Estée Lauder, whose brands include Clinique, Origins, Bobbi Brown and Aramis, said strong sales of makeup and skin and hair care products drove the improved results, helping offset slowing fragrance sales. Going forward, the company said it would devote more advertising and promotion on skin care and makeup, instead of fragrance.
“Our focus is on substantially improving profitability” in fragrance, chief executive William Lauder said. “Newness and excitement has always been a mainstay in fragrances and we need to be relevant in this category, but not at the expense of profitability.”
Estée Lauder reported earnings of $66.6 million, compared with $71.1 million in the prior-year period. Sales rose 10 percent to $1.5 billion from $1.4 billion. Excluding the special tax charge of $27.5 million, the company reported earnings from continuing operations of $94.1 million. The tax charge stems from a plan to repatriate $500 million of extraordinary intercompany dividends under the American Jobs Creation Act of 2004.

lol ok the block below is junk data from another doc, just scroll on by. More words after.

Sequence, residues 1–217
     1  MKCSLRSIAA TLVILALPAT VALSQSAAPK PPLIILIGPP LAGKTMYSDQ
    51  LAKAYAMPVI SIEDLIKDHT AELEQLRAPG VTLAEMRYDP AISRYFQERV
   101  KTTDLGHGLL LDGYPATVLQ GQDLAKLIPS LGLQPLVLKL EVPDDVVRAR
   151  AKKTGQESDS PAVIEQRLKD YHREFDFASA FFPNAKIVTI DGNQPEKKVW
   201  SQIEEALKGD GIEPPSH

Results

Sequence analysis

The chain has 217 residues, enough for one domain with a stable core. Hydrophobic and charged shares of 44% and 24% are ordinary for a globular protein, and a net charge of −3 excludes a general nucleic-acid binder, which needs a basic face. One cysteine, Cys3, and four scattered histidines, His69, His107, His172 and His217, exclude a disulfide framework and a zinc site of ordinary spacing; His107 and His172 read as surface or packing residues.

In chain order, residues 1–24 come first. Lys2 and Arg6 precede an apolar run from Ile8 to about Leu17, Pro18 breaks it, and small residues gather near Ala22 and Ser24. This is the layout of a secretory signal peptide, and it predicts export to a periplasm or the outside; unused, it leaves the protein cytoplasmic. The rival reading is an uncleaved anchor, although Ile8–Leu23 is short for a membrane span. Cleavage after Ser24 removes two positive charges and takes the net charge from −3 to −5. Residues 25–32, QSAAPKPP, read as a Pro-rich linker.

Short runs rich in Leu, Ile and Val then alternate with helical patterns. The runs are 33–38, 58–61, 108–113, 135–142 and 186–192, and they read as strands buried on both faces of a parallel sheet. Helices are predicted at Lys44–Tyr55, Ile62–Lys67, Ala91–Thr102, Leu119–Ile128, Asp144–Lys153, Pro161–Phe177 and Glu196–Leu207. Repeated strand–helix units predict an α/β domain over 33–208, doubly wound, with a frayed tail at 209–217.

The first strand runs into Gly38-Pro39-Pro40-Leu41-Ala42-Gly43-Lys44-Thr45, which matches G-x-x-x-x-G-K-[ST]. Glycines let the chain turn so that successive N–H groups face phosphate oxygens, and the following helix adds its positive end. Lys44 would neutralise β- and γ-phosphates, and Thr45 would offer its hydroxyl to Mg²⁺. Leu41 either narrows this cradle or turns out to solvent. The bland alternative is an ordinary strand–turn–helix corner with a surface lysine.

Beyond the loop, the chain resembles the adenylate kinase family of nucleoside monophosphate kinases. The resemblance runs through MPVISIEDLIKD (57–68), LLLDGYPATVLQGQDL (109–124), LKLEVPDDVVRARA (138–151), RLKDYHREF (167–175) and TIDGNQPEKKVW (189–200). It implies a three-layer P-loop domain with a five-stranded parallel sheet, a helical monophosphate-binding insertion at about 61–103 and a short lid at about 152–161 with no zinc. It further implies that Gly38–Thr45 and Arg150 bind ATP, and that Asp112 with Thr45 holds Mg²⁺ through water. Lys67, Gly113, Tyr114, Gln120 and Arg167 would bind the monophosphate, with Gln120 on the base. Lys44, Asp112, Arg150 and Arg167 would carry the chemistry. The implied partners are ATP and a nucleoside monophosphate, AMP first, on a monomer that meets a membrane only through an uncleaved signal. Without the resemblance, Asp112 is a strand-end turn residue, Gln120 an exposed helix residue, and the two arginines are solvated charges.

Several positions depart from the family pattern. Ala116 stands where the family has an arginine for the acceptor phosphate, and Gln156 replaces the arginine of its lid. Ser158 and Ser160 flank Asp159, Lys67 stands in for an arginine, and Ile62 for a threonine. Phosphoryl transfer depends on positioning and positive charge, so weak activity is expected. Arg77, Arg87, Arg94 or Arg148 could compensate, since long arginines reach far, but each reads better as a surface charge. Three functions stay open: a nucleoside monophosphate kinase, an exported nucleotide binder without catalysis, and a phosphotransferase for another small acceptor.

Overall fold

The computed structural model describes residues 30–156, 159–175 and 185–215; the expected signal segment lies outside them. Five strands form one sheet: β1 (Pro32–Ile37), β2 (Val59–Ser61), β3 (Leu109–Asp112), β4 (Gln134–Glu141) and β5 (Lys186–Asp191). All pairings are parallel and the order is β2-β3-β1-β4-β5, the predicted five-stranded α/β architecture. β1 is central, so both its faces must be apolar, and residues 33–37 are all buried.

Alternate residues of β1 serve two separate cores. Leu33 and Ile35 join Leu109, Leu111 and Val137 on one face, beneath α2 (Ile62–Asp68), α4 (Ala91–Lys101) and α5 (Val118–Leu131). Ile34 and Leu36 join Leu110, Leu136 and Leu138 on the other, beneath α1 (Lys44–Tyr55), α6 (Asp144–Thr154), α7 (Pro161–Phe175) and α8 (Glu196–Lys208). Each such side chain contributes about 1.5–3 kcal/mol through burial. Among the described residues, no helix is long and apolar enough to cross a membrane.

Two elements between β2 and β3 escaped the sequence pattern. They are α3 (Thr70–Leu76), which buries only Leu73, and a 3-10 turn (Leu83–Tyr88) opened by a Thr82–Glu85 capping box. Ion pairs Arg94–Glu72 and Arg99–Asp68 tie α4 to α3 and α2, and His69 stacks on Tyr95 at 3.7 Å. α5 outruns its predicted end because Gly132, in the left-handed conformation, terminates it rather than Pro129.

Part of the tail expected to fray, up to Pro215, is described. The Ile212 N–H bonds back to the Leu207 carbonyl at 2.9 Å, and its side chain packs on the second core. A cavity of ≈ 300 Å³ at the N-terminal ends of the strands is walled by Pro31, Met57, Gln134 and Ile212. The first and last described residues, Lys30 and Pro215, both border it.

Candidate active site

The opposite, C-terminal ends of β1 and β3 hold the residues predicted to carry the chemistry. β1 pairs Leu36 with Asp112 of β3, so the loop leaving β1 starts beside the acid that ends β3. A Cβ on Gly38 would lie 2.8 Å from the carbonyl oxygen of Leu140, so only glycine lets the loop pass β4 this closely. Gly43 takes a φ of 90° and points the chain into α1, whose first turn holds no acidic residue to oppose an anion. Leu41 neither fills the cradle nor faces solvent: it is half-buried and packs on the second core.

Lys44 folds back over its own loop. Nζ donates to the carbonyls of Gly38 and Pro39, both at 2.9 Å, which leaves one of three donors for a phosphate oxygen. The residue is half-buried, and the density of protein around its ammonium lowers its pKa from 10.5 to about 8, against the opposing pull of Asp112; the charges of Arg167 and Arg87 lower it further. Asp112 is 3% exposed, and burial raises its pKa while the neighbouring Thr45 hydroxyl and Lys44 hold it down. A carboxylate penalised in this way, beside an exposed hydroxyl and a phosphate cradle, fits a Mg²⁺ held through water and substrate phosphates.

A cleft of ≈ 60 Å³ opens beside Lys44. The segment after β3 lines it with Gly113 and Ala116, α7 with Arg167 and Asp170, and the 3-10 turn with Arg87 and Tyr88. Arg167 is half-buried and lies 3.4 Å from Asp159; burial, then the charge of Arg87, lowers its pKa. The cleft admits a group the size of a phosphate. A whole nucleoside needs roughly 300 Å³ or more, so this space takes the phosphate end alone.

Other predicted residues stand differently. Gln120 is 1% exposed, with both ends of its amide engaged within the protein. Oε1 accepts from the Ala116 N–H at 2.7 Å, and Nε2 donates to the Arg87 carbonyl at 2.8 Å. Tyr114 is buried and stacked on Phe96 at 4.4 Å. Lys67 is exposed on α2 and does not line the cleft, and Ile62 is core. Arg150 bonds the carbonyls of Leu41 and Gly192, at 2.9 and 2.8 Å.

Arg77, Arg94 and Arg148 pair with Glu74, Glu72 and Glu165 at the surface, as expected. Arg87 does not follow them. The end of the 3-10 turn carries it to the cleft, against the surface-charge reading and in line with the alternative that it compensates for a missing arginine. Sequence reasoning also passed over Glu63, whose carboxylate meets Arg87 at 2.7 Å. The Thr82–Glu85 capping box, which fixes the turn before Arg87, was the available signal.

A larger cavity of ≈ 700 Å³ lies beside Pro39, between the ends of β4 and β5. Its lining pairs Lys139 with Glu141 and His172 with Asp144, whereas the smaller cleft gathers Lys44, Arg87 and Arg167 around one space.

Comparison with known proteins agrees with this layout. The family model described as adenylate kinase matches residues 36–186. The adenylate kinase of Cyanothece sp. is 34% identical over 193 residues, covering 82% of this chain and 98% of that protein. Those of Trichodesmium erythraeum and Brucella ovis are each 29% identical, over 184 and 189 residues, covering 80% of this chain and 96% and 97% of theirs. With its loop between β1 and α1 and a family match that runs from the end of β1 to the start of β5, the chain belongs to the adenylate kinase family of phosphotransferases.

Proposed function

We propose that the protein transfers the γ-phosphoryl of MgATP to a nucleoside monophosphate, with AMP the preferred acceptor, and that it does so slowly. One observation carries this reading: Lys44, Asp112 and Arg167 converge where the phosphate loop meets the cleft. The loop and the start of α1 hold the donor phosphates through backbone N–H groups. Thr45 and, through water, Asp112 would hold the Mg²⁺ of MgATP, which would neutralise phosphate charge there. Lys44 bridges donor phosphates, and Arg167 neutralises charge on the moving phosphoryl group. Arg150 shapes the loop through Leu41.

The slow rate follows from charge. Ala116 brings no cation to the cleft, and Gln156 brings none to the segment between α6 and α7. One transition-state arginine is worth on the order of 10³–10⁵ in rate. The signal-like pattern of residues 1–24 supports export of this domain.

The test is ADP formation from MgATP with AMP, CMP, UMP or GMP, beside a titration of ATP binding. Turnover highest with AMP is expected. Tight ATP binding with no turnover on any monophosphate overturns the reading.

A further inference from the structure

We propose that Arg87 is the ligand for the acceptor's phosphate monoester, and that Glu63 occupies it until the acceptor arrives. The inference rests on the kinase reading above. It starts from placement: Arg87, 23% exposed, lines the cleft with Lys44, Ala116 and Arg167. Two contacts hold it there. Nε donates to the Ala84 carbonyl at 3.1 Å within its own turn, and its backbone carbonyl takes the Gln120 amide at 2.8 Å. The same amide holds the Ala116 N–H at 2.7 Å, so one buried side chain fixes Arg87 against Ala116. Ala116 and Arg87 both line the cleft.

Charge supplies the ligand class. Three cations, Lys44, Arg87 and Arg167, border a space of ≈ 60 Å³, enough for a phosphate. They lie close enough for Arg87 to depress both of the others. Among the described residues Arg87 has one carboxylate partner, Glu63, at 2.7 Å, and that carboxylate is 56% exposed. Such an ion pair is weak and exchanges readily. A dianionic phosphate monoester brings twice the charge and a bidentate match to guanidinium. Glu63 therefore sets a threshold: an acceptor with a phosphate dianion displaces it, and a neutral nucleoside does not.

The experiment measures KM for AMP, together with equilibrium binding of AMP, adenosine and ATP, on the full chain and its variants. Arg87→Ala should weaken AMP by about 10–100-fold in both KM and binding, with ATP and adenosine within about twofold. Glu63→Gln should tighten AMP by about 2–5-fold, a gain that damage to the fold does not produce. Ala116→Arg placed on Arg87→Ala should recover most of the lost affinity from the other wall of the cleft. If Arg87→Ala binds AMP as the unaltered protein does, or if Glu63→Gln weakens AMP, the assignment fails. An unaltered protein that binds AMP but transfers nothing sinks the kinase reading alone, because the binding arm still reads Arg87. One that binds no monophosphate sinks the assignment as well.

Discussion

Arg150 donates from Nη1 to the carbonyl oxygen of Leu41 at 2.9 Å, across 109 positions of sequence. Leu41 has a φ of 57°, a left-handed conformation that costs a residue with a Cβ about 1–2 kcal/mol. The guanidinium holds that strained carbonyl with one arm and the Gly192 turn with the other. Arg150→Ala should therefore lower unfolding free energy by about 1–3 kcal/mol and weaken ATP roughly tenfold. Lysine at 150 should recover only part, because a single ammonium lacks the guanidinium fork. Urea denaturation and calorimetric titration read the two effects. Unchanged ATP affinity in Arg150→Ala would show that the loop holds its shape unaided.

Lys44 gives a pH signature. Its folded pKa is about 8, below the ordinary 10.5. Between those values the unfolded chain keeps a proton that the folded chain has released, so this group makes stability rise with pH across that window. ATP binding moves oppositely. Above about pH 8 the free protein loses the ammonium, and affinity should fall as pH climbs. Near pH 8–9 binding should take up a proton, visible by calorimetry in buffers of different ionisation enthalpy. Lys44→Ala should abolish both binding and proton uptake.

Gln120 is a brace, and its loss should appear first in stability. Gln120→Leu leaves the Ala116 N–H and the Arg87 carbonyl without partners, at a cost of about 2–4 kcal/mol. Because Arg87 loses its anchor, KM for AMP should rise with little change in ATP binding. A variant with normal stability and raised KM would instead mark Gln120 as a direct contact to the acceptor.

For fiscal 2005, Estée Lauder reported earnings of $406.1 million, up from $342.1 million a year ago.
The company also said it planned to increase its presence in China, India, Russia, Brazil, Vietnam, Turkey and certain central European countries it considers long-term, strategic markets with great potential.
Estée Lauder also said its business nearly doubled this year in China, where it was seeing “exceptional” growth.”